posted 04-02-2012 03:21 PM     Click Here to See the Profile for Headshot   Click Here to Email Headshot     Edit/Delete Message   Reply w/Quote
Another excellent source is The International Atlas of Lunar Exploration by Stooke. It has maps of EVA routes for various Apollo landing sites, some of which were not visited like Littrow crater, Copernicus, Censorinus and the Marius Hills. For some of the sites that were visited, there are alternate EVA route maps had the LM missed its landing point and landed up or down range. Unfortunately the book is expensive, but well worth the price, in my estimation.

Headshot
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Posts: 182
From: Streamwood, IL USA
Registered: Feb 2012

posted 04-02-2012 04:02 PM     Click Here to See the Profile for Headshot   Click Here to Email Headshot     Edit/Delete Message   Reply w/Quote
As a follow-up to my previous post. Two additional, indespensible books on the subject are: To a Rocky Moon by Don Wilhelms and NASA's Where No Man Has Gone Before. Both of these are available on-line at the Lunar and Planetary Institute web site under the Resouces heading. The first book is written from a geologist's point of view and the second is NASA's official history of how the sites were chosen and what the astronauts would do once they landed. Of course all this was a battle between scientific, engineering and operational committees.

rasorenson
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Posts: 78
From: Santa Clara, CA, USA
Registered: Nov 2009

posted 04-04-2012 11:40 PM     Click Here to See the Profile for rasorenson   Click Here to Email rasorenson     Edit/Delete Message   Reply w/Quote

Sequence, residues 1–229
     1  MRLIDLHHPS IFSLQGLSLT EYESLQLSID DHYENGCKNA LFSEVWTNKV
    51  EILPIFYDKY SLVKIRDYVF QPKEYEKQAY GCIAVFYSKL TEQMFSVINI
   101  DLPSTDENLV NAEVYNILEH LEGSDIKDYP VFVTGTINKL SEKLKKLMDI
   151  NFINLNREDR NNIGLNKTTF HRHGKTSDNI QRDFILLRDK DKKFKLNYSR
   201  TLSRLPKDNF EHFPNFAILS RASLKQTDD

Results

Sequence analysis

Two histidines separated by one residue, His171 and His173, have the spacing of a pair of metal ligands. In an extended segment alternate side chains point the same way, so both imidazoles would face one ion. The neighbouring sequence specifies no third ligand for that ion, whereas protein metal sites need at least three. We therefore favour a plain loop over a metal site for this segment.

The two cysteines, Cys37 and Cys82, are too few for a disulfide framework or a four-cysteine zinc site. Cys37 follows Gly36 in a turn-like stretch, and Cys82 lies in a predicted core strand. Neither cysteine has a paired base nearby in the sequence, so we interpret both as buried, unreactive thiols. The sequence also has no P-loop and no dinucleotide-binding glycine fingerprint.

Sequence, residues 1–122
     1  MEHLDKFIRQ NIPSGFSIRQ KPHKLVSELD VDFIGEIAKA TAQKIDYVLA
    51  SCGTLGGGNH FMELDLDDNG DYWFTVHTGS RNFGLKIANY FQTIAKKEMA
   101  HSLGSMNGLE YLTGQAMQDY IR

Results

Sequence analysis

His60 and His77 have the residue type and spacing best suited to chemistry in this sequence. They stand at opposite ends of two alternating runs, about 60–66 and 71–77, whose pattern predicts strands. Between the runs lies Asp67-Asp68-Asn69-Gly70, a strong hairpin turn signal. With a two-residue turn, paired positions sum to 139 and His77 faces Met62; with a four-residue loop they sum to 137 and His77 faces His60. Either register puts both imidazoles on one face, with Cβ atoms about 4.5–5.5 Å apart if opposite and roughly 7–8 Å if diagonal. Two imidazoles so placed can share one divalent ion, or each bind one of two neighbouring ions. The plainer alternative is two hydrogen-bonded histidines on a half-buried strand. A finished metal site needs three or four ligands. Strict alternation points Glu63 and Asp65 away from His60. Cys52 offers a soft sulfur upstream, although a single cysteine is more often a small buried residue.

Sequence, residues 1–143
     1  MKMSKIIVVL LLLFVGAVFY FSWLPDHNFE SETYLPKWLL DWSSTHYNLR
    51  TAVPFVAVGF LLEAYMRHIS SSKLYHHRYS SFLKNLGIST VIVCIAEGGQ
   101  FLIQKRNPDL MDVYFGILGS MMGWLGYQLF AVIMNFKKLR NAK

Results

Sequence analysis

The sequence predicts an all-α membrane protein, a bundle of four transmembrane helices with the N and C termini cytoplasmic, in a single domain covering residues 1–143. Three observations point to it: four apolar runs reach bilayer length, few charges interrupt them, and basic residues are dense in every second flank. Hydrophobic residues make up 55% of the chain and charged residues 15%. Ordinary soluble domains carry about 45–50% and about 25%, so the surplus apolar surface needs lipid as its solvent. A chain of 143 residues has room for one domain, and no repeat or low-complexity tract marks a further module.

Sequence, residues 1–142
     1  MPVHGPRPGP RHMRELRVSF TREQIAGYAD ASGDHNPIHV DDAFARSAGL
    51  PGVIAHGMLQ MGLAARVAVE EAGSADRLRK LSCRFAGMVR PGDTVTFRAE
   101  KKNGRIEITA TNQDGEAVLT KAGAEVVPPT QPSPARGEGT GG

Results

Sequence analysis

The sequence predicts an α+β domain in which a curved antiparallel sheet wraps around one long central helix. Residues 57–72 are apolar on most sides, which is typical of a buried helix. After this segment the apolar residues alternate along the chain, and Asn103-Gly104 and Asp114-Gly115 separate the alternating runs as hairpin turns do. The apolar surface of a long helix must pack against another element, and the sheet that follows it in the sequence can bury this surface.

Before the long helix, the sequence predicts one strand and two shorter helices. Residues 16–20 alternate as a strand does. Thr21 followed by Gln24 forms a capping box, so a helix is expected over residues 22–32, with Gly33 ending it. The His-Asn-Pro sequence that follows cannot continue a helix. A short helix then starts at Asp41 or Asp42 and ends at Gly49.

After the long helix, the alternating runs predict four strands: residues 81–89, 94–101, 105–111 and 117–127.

Thanks for the referral to Anthony Young's book and the Intl. Atlas of Lunar Exploration. I'm checking them out. I also find myself returning to where I almost always wind up- for good reason, the Lunar and Planetary Institute archives.

Dwight
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Posts: 468
From: Germany
Registered: Dec 2003

posted 04-05-2012 03:29 AM     Click Here to See the Profile for Dwight   Click Here to Email Dwight     Edit/Delete Message   Reply w/Quote
I would also strongly recommend the JSC History Portal. You will find many of the more obscure documents and memos in the archives there.

You can perform an online search and request copies of the documents you require. I used them to locate about 80% of the information for "Live TV From the Moon" and 98% for its hopefully soon-to-be-published follow-up.

Rusty B
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Posts: 239
From: Sacramento, CA
Registered: Oct 2004

posted 04-05-2012 07:15 PM     Click Here to See the Profile for Rusty B   Click Here to Email Rusty B     Edit/Delete Message   Reply w/Quote